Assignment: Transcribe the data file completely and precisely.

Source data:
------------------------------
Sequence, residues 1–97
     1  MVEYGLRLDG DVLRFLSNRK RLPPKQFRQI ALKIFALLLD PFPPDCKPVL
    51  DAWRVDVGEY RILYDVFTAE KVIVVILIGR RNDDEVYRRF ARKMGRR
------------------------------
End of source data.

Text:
Sequence, residues 1–97
     1  MVEYGLRLDG DVLRFLSNRK RLPPKQFRQI ALKIFALLLD PFPPDCKPVL
    51  DAWRVDVGEY RILYDVFTAE KVIVVILIGR RNDDEVYRRF ARKMGRR